In fact, because people may have forgotten, let's note some of that exchange:

KERREY: You've used the phrase a number of times, and I'm hoping with my question to disabuse you of using it in the future.

You said the president was tired of swatting flies.

KERREY: Can you tell me one example where the president swatted a fly when it came to al Qaeda prior to 9/11?

RICE: I think what the president was speaking to was...

KERREY: No, no. What fly had he swatted?

RICE: Well, the disruptions abroad was what he was really focusing on...

KERREY: No, no...

RICE: ... when the CIA would go after Abu Zubaydah...

KERREY: He hadn't swatted...

RICE: ... or go after this guy...

KERREY: Dr. Rice, we didn't...

RICE: That was what was meant.

KERREY: We only swatted a fly once on the 20th of August 1998. We didn't swat any flies afterwards. How the hell could he be tired?

RICE: We swatted at -- I think he felt that what the agency was doing was going after individual terrorists here and there, and that's what he meant by swatting flies. It was simply a figure of speech.

KERREY: Well, I think it's an unfortunate figure of speech because I think, especially after the attack on the Cole on the 12th of October, 2000, it would not have been swatting a fly. It would not have been -- we did not need to wait to get a strategic plan.

Dick Clarke had in his memo on the 20th of January overt military operations. He turned that memo around in 24 hours, Dr. Clarke. There were a lot of plans in place in the Clinton administration -- military plans in the Clinton administration.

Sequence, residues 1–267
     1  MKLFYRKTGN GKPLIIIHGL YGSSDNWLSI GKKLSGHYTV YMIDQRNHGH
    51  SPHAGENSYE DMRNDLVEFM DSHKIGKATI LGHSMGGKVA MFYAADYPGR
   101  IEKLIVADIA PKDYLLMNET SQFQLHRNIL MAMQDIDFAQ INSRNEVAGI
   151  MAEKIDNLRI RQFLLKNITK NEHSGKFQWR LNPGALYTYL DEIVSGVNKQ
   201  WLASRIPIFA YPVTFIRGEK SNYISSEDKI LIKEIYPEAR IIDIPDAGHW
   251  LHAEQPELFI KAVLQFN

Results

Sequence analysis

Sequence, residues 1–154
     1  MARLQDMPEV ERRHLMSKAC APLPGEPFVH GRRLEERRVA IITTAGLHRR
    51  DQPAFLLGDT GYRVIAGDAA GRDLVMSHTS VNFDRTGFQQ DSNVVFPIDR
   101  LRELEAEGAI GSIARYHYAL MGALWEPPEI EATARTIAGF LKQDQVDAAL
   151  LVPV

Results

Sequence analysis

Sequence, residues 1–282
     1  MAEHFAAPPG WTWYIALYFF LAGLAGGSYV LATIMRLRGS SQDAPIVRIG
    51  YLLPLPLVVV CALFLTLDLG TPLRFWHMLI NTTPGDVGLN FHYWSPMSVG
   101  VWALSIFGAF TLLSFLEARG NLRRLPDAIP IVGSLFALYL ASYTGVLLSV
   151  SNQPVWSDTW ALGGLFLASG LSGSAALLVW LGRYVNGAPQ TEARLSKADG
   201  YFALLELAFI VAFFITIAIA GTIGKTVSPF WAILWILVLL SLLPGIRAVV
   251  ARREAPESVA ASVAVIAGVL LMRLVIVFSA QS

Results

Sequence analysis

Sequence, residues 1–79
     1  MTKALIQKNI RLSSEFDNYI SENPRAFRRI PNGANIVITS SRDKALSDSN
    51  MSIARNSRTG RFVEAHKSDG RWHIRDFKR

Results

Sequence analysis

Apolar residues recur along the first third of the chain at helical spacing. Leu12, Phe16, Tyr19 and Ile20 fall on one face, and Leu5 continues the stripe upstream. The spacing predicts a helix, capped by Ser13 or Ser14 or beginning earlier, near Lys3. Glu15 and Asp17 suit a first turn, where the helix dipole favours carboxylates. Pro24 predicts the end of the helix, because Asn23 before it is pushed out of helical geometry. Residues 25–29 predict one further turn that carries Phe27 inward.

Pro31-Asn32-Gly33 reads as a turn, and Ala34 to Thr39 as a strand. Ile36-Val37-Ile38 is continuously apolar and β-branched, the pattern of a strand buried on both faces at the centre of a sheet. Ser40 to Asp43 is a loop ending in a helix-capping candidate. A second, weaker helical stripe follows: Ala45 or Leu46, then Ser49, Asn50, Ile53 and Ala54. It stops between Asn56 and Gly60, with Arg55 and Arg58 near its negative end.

In fact, since we're in the mood to declassify stuff, there was -- he included in his January 25 memo two appendices -- Appendix A: "Strategy for the elimination of the jihadist threat of al Qaeda," Appendix B: "Political military plan for al Qaeda."

So I just -- why didn't we respond to the Cole?

RICE: Well, we...

KERREY: Why didn't we swat that fly?

RICE: I believe that there's a question of whether or not you respond in a tactical sense or whether you respond in a strategic sense; whether or not you decide that you're going to respond to every attack with minimal use of military force and go after every -- on a kind of tit-for-tat basis.

By the way, in that memo, Dick Clarke talks about not doing this tit-for-tat, doing this on the time of our choosing.

I'm aware, Mr. Kerrey, of a speech that you gave at that time that said that perhaps the best thing that we could do to respond to the Cole and to the memories was to do something about the threat of Saddam Hussein.

That's a strategic view...

And we took a strategic view. We didn't take a tactical view. I mean, it was really -- quite frankly, I was blown away when I read the speech, because it's a brilliant speech. It talks about really...

... an asymmetric...

KERREY: I presume you read it in the last few days?

RICE: Oh no, I read it quite a bit before that. It's an asymmetric approach.